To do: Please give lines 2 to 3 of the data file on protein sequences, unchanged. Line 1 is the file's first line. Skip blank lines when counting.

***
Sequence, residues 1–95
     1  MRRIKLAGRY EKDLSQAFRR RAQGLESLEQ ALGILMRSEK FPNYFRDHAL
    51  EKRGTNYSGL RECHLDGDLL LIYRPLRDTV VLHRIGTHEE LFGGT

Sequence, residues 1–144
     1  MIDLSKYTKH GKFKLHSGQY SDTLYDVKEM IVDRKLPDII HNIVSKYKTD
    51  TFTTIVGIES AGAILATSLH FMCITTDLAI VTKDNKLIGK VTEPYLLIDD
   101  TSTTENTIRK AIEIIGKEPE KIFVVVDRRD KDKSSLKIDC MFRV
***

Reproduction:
     1  MRRIKLAGRY EKDLSQAFRR RAQGLESLEQ ALGILMRSEK FPNYFRDHAL
    51  EKRGTNYSGL RECHLDGDLL LIYRPLRDTV VLHRIGTHEE LFGGT